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Food Education at Chomp




At Chomp we tackle the ever growing issue of food poverty within Brighton and Hove. We do this by running lunch clubs during the school holidays where families on low incomes can come and receive a free meal whilst craft and play is available to them to interact with. 


Inclusive of what we provide, we feel that it’s important to promote education around food so that our families begin to have more options available to them. 

If children haven’t grown up with home cooked meals or with access to a variety of foods, then often, as adults they do not have the confidence to work with raw ingredients. We also live within a convenience culture where processed foods are cheaper than local fresh produce. 


Over the summer we began to look at different fruits and vegetables in ways which felt fun and accessible. We took the humble beetroot and dedicated a table to it where there were tasters of cooked and raw, whole beets to look at and cooked beets to cut up and print with. Beetroot is a versatile vegetable that can be used in both sweet and savoury cooking as well as being used as a natural dye for many years. A parent sitting at the table commented  ‘When I look at a beetroot like this, it’s scary.’  She was holding the whole raw beet. So we then began the conversation of how to handle and cook a raw beetroot. And conversations like this are invaluable. They may or may not be the catalyst for change, but they curate curiosity. They create space for new information to be received and begin to be digested. 


Playing games and working with food through art are also brilliant ways to foster familiarity with food. Many of us learn visually and working this way can create exposure without pressure. What is important to recognise is that we all have a relationship with food. We all have the history of how we were introduced to food and also the habits we create. Food is a product of nature, so through it we too are connected or disconnected to the natural world. The popular phrase of ‘eat the rainbow’ refers to the different nutrients we receive in relation to the colours of our food. Simple nutritional information that we may forget to share with our children and yet in doing so, we increase their awareness and scope for choice.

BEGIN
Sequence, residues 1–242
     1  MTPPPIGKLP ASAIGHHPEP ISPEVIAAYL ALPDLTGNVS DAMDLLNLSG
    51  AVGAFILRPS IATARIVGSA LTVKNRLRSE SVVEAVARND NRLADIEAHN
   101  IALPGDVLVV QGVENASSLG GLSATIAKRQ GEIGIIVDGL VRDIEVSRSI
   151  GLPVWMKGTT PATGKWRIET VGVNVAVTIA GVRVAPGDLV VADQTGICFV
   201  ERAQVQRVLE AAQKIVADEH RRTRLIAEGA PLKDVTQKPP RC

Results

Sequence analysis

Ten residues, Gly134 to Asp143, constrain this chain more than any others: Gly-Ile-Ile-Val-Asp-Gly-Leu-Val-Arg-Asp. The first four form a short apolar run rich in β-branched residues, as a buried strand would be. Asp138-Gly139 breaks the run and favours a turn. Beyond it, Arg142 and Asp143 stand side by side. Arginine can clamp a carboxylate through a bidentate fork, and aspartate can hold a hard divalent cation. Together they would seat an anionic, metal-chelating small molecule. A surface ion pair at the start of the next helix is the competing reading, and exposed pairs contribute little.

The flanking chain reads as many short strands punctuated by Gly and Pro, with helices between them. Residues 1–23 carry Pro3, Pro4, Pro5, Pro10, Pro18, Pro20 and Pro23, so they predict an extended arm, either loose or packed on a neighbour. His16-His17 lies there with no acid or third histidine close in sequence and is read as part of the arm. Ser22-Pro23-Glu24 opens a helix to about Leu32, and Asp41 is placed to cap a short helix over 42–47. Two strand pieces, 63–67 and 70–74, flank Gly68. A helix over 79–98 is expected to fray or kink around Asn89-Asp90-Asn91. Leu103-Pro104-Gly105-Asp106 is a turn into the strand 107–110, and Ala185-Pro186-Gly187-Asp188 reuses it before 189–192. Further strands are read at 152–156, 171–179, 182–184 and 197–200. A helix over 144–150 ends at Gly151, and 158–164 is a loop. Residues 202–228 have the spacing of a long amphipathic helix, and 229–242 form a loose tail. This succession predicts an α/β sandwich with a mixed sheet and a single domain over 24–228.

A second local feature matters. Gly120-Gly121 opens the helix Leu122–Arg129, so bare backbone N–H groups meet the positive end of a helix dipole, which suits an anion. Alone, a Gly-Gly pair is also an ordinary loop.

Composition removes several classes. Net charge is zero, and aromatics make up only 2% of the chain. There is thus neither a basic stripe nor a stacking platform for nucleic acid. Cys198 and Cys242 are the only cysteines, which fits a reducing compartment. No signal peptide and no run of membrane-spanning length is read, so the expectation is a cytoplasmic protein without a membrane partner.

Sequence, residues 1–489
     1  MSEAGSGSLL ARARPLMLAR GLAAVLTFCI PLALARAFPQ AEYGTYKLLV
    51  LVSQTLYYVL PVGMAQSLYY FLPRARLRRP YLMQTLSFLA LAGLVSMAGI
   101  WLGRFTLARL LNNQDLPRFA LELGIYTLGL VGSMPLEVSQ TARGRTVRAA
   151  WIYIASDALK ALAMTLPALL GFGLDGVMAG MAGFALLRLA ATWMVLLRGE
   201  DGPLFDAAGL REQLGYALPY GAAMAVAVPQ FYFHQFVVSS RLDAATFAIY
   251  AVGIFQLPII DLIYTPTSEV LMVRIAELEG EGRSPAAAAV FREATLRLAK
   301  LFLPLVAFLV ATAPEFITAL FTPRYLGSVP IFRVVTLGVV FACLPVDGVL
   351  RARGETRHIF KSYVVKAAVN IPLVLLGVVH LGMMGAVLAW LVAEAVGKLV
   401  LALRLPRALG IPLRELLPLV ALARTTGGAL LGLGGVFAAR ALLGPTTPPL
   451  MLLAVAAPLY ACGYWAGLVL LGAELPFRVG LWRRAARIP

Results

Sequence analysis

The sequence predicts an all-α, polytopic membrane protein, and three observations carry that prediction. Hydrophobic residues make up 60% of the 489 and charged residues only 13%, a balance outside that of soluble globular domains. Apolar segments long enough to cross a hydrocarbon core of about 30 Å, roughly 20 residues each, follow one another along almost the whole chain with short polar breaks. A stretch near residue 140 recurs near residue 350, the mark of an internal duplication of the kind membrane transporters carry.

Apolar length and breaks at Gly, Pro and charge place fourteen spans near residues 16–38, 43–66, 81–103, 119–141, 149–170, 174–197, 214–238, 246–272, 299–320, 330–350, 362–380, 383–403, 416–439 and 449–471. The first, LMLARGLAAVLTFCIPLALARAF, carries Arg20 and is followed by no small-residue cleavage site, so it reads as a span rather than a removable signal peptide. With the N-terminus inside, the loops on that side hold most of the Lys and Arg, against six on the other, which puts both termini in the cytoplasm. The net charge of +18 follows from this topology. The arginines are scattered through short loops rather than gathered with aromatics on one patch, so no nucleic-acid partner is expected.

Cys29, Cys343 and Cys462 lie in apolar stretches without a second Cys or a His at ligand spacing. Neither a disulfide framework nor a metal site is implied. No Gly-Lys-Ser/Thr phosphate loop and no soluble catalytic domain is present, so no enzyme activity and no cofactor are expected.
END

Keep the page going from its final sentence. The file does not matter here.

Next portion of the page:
Through our personal relationships with food, we create our beliefs and ethos around it. 

 Food education is a wide subject, with much benefit available to those given the opportunity to explore it. Chomp’s ethos is to carry on exploring this wide and wonderful subject with our families, whilst delivering fresh food, cooked from scratch during our holiday lunch clubs. Our families are given choice and encouraged to try new foods with facilities available to discard anything they don't enjoy. In this we hope to create an atmosphere that is welcoming, accepting, encouraging and non-judgmental around food. 

 We will keep having conversations that matter and championing the education that’s needed;  we wholeheartedly believe in making information accessible and supporting young people and parents to eat well. 


Rosie Blunden 2022


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